Wednesday, January 14, 2009

Curved Photodetectors Fresh from the Lab

University of Wisconsin-Madison, The Register and Science Daily report that Associate Professor Zhenqiang (Jack) Ma and colleagues have developed a flexible light-sensitive material. Their technology is featured on the cover of the January 5 issue of Applied Physics Letters.

Ma and his group can create curved photodetectors with specially fabricated nanomembranes—extremely thin, flexible sheets of germanium. Researchers then can apply the nanomembranes to any polymer substrate, such as a thin, flexible piece of plastic. Currently, the group has demonstrated photodetectors curved in one direction, but Ma hopes next to develop hemispherical sensors.

Ma's curved photodetector could eliminate that distortion. "If you can make a curved imaging plane, you just need one lens," says Ma. "That's why this development is extremely important."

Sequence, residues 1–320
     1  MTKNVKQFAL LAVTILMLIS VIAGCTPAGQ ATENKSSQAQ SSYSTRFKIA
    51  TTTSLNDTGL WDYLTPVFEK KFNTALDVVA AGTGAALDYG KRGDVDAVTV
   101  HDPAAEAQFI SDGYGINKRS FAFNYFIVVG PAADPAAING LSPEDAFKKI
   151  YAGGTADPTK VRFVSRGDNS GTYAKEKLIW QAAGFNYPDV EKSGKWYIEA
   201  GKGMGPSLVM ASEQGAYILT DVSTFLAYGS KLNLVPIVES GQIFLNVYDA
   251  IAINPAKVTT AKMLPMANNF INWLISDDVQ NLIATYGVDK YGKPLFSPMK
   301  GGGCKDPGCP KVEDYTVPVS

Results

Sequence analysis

4 comments:

  1. Surely it is going to turn out to be more cost effective to remove distortion with digital image processing post capture than to mass produce these kinds of devices. And, that assumes that the photodetectors advance to a high level of performance and density.

    At least now we all know what to do with thinned potato-chip BSI sensors...

    -EF

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  2. Not all the distortions can be compensated by digital. For example, if image in the corners is not focussed, the details are hard to recover. The crosstalk in the corners is bigger too, so color gamut may be narrower or just different from the center.

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  3. "if image in the corners is not focussed, the details are hard to recover"

    I think that's from the aberration of the lens, there is not so much can be done on sensor

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  4. My point was that simple lens has curved image plan. If sensor can follow its curvature, the focusing in corners would be much better. If sensor is flat, the unsharp corners appear as aberrations.

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